Note the line 25, or better CurrentDate.ToJulianDay part. Here I used something called an Extension method. I have extended the DateTime object to calculate JulianDay number from an existing DateTime object. The implementation follows:

Imports System.Runtime.CompilerServices

Public Module ExtensionMethods
''' <summary>
'''     Adds a method to calculate Julian Day from an existing DateTime Strure
''' </summary>
''' <param name="mDatetIime"></param>
''' <returns></returns>
	Public Function ToJulianDay(ByVal mDatetIime As DateTime) As Decimal
		Dim JD As Decimal
		Dim year As Integer = mDatetIime.Year
		Dim month As Integer = mDatetIime.Month
		Dim day As Integer = mDatetIime.Day
		If month < 3 Then
			month += 12
			year -= 1
		End If

		Dim A As Integer = Math.Floor(year/100)

		Dim B As Integer = 2 - A + Math.Floor(A/4)

		JD = Math.Floor(365.25*(year + 4716)) + Math.Floor(30.6001*(month + 1)) + day + B - 1524.5
		JD = JD + (mDatetIime.Hour + mDatetIime.Minute/60 + mDatetIime.Second/3600 + mDatetIime.Millisecond/3600000)/24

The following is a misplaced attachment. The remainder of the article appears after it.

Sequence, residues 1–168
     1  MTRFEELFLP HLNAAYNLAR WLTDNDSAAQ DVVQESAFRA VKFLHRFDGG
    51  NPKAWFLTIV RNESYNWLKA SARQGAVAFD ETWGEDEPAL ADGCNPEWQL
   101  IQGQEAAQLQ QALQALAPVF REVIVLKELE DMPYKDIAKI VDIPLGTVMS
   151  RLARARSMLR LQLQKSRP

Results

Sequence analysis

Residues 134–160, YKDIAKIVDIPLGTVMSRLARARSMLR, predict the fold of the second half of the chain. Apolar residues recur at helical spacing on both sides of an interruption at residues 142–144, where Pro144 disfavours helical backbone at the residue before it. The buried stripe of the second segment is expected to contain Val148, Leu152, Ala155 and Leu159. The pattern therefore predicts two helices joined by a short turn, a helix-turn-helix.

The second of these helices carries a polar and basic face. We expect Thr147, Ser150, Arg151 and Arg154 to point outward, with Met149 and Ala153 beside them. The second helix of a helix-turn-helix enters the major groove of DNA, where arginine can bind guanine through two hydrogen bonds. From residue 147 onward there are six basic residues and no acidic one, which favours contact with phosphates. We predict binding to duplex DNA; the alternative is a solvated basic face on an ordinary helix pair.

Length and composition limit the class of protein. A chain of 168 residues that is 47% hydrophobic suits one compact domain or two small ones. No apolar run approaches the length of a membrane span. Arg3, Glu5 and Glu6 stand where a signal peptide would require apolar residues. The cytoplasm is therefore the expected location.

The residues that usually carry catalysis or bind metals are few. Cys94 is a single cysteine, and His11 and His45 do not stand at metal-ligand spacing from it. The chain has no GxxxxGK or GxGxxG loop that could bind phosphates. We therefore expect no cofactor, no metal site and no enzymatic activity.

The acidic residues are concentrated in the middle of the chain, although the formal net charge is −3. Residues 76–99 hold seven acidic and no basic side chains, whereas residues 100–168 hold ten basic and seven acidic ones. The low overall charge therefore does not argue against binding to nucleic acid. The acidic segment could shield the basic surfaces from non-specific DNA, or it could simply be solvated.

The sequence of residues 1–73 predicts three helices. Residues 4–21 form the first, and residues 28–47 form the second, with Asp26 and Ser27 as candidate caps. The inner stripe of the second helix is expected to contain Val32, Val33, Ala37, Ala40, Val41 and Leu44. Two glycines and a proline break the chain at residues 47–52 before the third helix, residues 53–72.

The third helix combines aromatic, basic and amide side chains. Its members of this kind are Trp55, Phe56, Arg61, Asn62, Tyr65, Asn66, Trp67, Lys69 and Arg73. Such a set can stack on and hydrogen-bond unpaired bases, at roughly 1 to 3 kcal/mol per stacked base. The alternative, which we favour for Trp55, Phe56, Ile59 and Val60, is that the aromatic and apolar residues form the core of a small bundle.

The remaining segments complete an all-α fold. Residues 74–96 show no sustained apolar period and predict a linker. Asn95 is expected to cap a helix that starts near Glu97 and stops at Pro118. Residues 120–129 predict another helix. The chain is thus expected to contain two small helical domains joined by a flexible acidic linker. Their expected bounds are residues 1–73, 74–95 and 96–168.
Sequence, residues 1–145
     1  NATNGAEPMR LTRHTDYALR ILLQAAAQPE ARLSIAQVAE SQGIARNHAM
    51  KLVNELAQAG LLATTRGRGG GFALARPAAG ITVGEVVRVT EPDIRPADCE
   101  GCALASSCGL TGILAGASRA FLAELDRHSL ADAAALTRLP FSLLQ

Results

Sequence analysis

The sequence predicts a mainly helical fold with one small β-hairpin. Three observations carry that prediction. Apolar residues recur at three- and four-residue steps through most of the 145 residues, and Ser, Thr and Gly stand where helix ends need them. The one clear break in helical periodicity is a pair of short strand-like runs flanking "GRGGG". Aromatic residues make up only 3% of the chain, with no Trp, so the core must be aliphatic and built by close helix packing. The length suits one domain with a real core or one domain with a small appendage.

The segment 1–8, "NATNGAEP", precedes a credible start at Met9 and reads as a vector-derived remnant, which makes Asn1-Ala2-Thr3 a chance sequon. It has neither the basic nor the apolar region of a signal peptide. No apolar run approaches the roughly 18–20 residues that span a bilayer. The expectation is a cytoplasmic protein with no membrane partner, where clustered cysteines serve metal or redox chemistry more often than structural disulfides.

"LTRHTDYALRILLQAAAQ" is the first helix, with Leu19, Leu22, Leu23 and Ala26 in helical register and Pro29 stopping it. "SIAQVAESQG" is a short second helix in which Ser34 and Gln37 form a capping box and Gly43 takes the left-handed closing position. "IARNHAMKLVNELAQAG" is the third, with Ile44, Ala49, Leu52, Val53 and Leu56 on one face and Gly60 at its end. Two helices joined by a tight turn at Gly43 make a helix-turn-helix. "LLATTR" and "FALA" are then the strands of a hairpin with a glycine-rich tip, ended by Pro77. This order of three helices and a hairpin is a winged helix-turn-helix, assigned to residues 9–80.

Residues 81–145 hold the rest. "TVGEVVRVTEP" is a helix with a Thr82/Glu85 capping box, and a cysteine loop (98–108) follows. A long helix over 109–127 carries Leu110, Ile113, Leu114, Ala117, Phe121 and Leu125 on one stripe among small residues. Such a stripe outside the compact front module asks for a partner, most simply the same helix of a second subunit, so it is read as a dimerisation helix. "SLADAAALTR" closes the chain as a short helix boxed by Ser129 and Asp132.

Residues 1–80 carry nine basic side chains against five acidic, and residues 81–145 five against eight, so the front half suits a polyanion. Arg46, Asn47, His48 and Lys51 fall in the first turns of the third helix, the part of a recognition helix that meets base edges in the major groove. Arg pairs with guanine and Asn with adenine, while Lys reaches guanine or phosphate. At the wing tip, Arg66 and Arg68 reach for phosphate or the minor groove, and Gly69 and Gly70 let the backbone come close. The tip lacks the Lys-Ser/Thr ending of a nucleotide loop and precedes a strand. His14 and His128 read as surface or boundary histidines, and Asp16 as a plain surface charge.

Return JD
	End Function
End Module

At the begining I tried using a special function and using DateTime as an input parameter.  Using extension method just seems more elegant way of doing it.

Wrap up

In this post, we learned a ton of things. Description of NASA JPL DE405 epherides was shown. We learned how to convert raw .405 files to a more readable one column versions either in Excel or text format. Next we used Excel files generated to read and parse Coefficients sets for a given Julian day and Celestial body. We then calculated Solar System Barycenter Rectangular Coordinates for a given Celestial Body, and Julian day. We tested it for Eart-moon Barycenter.

From Programmatic point of view, I have shown, how to use operator overloading and Extension Methods.

That's it for now. In the next post I will go deeper in different time scales used in Astronomical calculations, we will calculate Geocentric equatorial coordinates for celestial bodies, Namely Right Ascension and Declination

Best Regards